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“It’s More Than A Job, It’s a Way of Life”

The Story of Johnny and Janney Anderson

By Blair McCowen

Anderson Family

Johnny and Janney Anderson sit surrounded by their children, Shawn Anderson and Sha’Lyn Moore, and their families. Bottom row, left to right: Rhett, Tate and Beau Anderson; Janney and Johnny Anderson; Jordan Moore. Top Row, left to right: Shawn and Heather Anderson; Sha’Lyn and Shane Moore.

Considered a dynamic duo in the South Plains cotton industry, the Andersons have served the area’s producers and coop gins with an unmatched level of commitment. Since day one, their eyes have been set on the producers when they aren’t lovingly looking at each other. Both Johnny’s and Janney’s dedication to the industry remains constant and dependable even after 1.5 million miles of travel, years of service and countless memories made.

Johnny was born into a cotton farming family and raised in O’Donnell, Texas. He is an alumnus of South Plains College in Levelland, Texas. Janney was born and raised in Lubbock, Texas, where her father worked in construction, and she attended Draughan’s Business College.

The term “young love” is certainly applicable when describing how the couple met. Before their story began, Janney graduated from Lubbock High and Johnny graduated from O’Donnell ISD. While Janney was in college she met Johnny, who was working at Jim Taylor Motor Company, through a mutual friend. They fell in love in the spring, married in the fall, and moved to O’Donnell, Texas, the following January. Today, the couple has been married for 45 years and will celebrate their anniversary in September. The Andersons have two children, Shawn Anderson and Sha’Lyn Moore, and four grandsons.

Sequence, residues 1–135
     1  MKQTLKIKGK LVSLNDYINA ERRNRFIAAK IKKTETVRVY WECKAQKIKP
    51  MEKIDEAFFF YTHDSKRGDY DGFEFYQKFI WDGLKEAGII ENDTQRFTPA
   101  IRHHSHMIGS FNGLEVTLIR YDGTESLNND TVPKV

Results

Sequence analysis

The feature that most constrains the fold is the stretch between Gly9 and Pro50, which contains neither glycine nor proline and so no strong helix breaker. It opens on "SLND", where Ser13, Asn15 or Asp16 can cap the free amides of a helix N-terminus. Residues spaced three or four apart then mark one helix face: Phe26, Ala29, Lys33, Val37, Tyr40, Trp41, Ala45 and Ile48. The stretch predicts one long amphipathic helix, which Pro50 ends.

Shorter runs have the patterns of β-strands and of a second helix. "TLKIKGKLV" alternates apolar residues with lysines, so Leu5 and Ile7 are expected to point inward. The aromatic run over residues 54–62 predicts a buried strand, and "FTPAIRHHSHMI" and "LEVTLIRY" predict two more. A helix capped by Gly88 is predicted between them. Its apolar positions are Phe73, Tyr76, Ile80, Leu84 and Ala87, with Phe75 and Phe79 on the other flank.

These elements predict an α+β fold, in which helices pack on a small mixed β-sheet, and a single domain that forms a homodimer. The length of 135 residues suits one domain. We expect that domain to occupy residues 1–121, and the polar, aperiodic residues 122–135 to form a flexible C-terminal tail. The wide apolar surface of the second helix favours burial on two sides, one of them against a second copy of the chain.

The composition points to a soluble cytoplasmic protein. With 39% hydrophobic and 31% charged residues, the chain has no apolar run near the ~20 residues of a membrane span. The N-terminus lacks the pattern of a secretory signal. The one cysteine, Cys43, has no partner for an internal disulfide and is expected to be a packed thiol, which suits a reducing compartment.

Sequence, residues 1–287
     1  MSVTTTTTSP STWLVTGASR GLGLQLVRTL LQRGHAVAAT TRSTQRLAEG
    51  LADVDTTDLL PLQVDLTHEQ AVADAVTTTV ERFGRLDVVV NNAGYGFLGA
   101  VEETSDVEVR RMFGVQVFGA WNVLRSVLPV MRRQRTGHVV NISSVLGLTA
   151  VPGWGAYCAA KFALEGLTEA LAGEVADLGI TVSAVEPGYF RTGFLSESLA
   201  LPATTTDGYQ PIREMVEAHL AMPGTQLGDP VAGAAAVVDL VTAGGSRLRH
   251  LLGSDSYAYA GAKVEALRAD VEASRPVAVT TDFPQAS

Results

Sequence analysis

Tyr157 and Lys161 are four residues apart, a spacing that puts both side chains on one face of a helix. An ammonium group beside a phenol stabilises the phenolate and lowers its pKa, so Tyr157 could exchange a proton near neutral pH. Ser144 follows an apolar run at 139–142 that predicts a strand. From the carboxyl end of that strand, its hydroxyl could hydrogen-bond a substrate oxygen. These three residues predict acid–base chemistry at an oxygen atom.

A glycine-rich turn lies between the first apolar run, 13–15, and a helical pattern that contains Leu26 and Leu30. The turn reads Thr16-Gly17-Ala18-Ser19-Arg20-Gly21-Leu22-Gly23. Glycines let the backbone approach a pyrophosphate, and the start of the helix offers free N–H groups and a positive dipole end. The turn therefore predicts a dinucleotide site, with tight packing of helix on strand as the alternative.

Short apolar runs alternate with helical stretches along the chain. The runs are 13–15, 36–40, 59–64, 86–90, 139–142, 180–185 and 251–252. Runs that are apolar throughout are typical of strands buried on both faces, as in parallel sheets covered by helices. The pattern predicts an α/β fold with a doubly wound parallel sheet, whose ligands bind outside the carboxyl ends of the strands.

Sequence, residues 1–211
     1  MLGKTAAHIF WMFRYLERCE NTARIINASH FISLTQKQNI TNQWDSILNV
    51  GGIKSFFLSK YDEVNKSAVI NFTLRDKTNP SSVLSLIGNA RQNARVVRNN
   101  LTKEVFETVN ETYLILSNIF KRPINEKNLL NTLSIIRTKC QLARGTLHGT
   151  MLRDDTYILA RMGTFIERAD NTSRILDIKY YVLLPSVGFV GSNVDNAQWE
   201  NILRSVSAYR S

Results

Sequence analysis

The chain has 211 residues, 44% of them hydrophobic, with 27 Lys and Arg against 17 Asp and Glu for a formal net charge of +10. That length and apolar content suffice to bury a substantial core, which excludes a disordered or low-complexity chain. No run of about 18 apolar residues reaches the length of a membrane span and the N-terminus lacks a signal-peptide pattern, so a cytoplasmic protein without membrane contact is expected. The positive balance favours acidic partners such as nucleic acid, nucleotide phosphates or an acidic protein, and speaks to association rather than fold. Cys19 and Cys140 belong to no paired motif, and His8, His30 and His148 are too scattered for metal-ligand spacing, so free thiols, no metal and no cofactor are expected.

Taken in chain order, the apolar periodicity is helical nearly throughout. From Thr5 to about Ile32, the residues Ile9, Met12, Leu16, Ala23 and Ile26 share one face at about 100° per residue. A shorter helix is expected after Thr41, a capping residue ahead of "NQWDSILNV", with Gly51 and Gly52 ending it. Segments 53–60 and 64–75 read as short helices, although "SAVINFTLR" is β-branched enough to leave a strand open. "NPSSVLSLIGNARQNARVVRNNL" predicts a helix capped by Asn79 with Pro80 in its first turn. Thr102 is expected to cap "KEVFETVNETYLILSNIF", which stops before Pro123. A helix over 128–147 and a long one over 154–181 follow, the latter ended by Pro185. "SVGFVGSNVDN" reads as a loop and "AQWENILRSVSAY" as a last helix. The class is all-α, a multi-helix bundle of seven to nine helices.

Janney has worked both in and outside of agriculture. Prior to her current job at Slaton Coop Gin, she worked as a legal secretary in Tahoka, Texas, a city tax assessor and judge in O’Donnell, and later a part time bookkeeper at Farmer’s Coop Gin in O’Donnell. In 1983, she took a full time bookkeeping position at the same gin.

Janney began working at the Slaton Coop Gin in 2003 and said she has enjoyed every minute of it.

“Ninety-nine percent of the people are great to work with,” she said. “That goes from the manager to the employees you have to the producers.”

Prior to his current position in the industry, Johnny worked in other areas of agriculture. He farmed roughly 2,000 acres of dryland cotton in O’Donnell with his father, and in 1971, went to work for the High Plains Boll Weevil Program. In 1986, Johnny accepted a field representative position at Plains Cotton Growers where he still works today.

Commenting on his current position with PCG, Johnny said, “I go around and keep the gins informed on what PCG is doing. As far as I’m concerned, it has been the best thing that has ever happened to me.”

Speaking from their rich experiences, the Andersons said the cotton industry and its people create a working environment unlike any other.

“If you think about it, gins are like coffee shops,” Johnny said. “That is where producers are going to meet and shoot the bull and tell a few lies or stretch the truth, you know. It’s really not an eight to five job; it’s a 15-hour a day job then go to a meeting.”